The (Mis)Fortune of “Coga the Sheep”
William Harvey’s understanding united conventional classical models with new post-Paracelsian thinking, investigating blood through physical observation and examination, rather than by deferring to ancient authorities. Following Harvey’s groundbreaking work, in 1656 the architect Christopher Wren pioneered hypodermic injections by intoxicating his dog with wine injected straight into its veins. In 1665, Wren then suggested that Dr. Richard Lower attempt a blood transfusion on a dog. The scientist Robert Boyle wrote to Lower on the possibility that temperament and other characteristics could be transferred by blood, wondering ‘whether the blood of a mastiff, being frequently transferred into a bloodhound, or a spaniel, will not prejudice them in point of scent’. The diarist Samuel Pepys discussed blood transfusion between dogs in 1666, reflecting that there may well be benefits to humans: ‘As Dr. Croune says, [it] may, if it takes, be of mighty use to man’s health, for the mending of bad blood by borrowing from a better body.’ The Royal Society began to investigate human blood transfusion, and the next year Pepys reported on the remarkable case of Arthur Coga.
Coga, a 32-year-old Divinity graduate of Cambridge University, was ‘looked upon as a very freakish and extravagant man’. On 23 November 1667, he was treated to become more docile by receiving a blood transfusion from a lamb. Pepys observed that the medical fraternity ‘differ in the opinion they have of the effects of it: some think it may have a good effect upon him as a frantic man by cooling his blood, others that it will not have any effect at all’. Coga saw the lamb as emblematic of meekness and humility, declaring in Latin, ‘Sanguis ovis symbolicam quandam facul-tatem habet cum sanguine Christi, quia Christus est Agnus Dei’ (‘the blood of sheep has symbolic power like the blood of Christ, for Christ is the Lamb of God’). The lamb’s blood was transfused using quills and silver pipes. Coga received a payment of 20 shillings, drank Canary wine and smoked a pipe in celebration, and the operation was repeated on 12 December. Coga’s mood was not noticeably softened by the treatment; however, some change had apparently taken place. He wrote a begging letter to the Royal Society, complaining that he had been transformed into ‘another species’ and was reduced to pawning his clothes – or, as he bombastically (and in the third person) put it, he ‘dearly purchases your sheep’s blood with the loss of his own wool in this sheep-wrackt vessel of his, like that of Argos, he addresses himself to you for the Golden Fleece’. He signed himself ‘Agnus Coga’ – ‘Coga the Sheep’.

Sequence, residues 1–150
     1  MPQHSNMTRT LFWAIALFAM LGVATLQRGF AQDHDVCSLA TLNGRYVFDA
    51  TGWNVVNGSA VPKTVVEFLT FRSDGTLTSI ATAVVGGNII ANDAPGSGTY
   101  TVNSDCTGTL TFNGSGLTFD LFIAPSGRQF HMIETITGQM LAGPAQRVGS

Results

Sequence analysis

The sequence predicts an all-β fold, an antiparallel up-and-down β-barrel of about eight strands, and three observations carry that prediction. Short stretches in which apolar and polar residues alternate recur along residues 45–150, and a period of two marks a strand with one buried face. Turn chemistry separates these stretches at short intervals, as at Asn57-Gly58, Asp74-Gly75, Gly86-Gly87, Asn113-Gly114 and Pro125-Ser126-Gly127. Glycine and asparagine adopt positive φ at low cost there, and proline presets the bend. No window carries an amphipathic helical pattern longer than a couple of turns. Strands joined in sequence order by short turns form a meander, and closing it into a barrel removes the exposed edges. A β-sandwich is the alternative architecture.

Coga was more fortunate than he perhaps appreciated. A few months earlier, in France, Jean-Baptiste Denys had performed cross-species transfusions into two human patients. Both subjects died and Denys was accused of murder, although he was later acquitted. In January 1668, another patient (who again required a calming of the spirit) died from a similar transfusion, and by 1678 the Pope had prohibited such animal-to-human treatments. Attempts were made to continue this line of experimentation in Britain regardless – on inmates of the Bedlam lunatic asylum. These were prevented by the hospital’s surgeon, who had a ‘scruple’ against vivisecting mad people. And so this line of research was halted until, in 1818, James Blundell published his accounts of experimental transfusions given to dogs.
Blood oozed through eighteenth-century thought. In the period between the scientific experiments performed on Coga the Sheep and Blundell’s dogs, blood was simultaneously part of everyday life, a mysterious substance of folklore and superstition, and lay at the heart of the Christian mass and the symbolism of the Church. It was both natural and supernatural, and this abundance of meaning was encapsulated in the figure of the vampire. The vampire embodied the contradictions of blood: it obscured distinctions between the living and the dead, the human and the non-human, even between psychological stability and physical metamorphosis.
From The Vampire by Nick Groom. Originally published by Yale University Press in 2020. Reproduced with permission.
Nick Groom, known as the “Prof of Goth,” is professor of English at Exeter University, UK. His previous titles include The Gothic: A Very Short Introduction, and The Seasons: A Celebration of the English Year, which was shortlisted for the Katharine Briggs Folklore Award and came runner-up for BBC Countryfile Book of the Year.